One last note: this review concerns the 1977 revised version. Yes, it was first printed in 1965, but the author wanted to clear up a number of elements that he felt were either ambiguous or, well, messy. First novels, eh?

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5 thoughts on “Book Review: The Magus, by John Fowles

  1. I loved this book, and it’s been a long time since I read it, but I am really glad it still holds up. It’s so exotic and some of the settings might have dated…but I am glad to hear of you enjoying it. I really went through a phase of reading Fowles, actually i guess I do that with any writer I like, read everything I can. Fowles has a “short” story called Poor Koko which I read every couple of years because it is so insightful about class, and mentoring and violence.I really loved The French Leuitenants Woman as well. Great post!!!!

    Have you read Great Expectations, with it’s own Nic? And Fowles said, the Magus was kind of his version. Plus, the movie The Game by Fincher starring Sean Penn and Michael Douglas always reminded me of this novels premise with a “teacher”.

  2. Hey candy – I look forward to going back and reading other works by the likes of Fowles, Hesse, etc.. I seem to leap from one author to another these days.

    Thanks for the suggestion of Poor Koko – I’ll look for that.
    I haven’t read Great Expectations…it’s one of “those” books (ie thick, long, old), even though it’s one of the hallmarks of Western fiction. Reading Fowles’ introduction to The Magus, I caught his reference to GE – I will read it soon.

    Interesting you mention “The Game” – someone told me that Fowles’ estate tried sueing David Fincher. Rather bizarre as the movie has only a passing technical resemblance to the book.

    Thanks for the comment!

  3. I’m about to delve into The Magus, it having sat in my oh too opulent libray these 2 years past, an impulse buy. Having been recommended it heartily by no less a man than Timothy Leary in his “Politics of Ecstasy”, whilst I recently lounged on a Greek Island, of all places! The synchronicity lives. Thanks for the pointers.JB.Ireland>>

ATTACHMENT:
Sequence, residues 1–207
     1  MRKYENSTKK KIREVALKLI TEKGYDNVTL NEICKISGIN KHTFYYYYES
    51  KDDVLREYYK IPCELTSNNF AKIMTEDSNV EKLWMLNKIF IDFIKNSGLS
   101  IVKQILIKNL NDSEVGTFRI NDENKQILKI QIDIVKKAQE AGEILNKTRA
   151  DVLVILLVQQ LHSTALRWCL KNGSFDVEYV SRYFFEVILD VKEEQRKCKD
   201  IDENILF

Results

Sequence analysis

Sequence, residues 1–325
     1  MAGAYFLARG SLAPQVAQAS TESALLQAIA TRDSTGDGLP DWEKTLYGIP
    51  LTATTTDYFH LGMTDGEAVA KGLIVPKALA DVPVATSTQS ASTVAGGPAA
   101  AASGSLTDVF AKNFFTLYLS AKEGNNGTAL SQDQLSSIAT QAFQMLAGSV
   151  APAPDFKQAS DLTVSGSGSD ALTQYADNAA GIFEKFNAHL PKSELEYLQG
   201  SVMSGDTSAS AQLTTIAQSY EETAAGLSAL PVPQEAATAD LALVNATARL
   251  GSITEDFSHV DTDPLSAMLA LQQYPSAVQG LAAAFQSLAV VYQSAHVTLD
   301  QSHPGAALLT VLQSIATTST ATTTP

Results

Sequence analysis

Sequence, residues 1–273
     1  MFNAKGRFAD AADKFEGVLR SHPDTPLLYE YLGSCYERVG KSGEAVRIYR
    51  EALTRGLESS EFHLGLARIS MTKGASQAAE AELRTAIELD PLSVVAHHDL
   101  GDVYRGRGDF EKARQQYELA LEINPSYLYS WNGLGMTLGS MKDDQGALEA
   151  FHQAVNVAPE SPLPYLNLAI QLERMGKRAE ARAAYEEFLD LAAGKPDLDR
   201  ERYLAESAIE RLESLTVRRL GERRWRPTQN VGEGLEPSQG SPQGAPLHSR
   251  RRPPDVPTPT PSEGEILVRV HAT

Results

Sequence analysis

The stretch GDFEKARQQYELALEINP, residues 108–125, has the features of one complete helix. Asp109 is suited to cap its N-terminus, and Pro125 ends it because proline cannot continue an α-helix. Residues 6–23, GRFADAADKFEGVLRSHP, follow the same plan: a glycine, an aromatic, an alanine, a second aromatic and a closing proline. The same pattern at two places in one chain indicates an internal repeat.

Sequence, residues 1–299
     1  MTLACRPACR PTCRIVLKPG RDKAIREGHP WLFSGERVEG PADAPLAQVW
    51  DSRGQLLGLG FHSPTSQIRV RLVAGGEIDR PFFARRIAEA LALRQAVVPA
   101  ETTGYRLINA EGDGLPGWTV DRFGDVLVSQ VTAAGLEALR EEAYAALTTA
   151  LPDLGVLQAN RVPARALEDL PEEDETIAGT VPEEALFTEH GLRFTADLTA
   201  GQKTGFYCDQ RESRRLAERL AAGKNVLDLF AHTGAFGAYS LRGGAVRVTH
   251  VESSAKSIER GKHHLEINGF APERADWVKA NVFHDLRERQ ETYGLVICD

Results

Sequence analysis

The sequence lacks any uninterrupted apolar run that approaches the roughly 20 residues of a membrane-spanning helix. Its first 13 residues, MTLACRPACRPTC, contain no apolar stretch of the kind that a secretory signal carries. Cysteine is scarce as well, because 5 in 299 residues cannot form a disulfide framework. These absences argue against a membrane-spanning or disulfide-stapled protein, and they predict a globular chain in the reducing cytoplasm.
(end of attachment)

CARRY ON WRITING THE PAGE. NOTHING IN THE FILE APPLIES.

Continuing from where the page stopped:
4. What an insightful review – thanks for sharing it. I read this book for a bookclub a few weeks back and found it incredibly stimulating – it was a book you wanted to talk about with others, poring over the minutiae in excrutiating detail and trying out different readings. It demanded such rigour intellectually. All those allusions – I almost felt I had to go back and reread it from dozens of different vantage points – as if the protagonist were Ferdinand, then the tormented Caliban, then Iago then the cuckolded Othello – and each one yielded up a different meaning… It was relief to finally realise that we were actually supposed to abandon all these narratives as sources of truth – at least I think we were. This strikes me as a book that would be absolutely awful as a film – didn't Woody Allen say something about how if he could live his life over again, he would do nothing differently – except he wouldn't see The Magus?

  5. Leonie,

    Thanks for the comment. I was surprised to see that, yes, Allen did have that to say about the film. When you look at the cast list, it must look like a no-brainer, a must-see. I suppose it's better to live without knowing how potentially bad the film is.

    Matt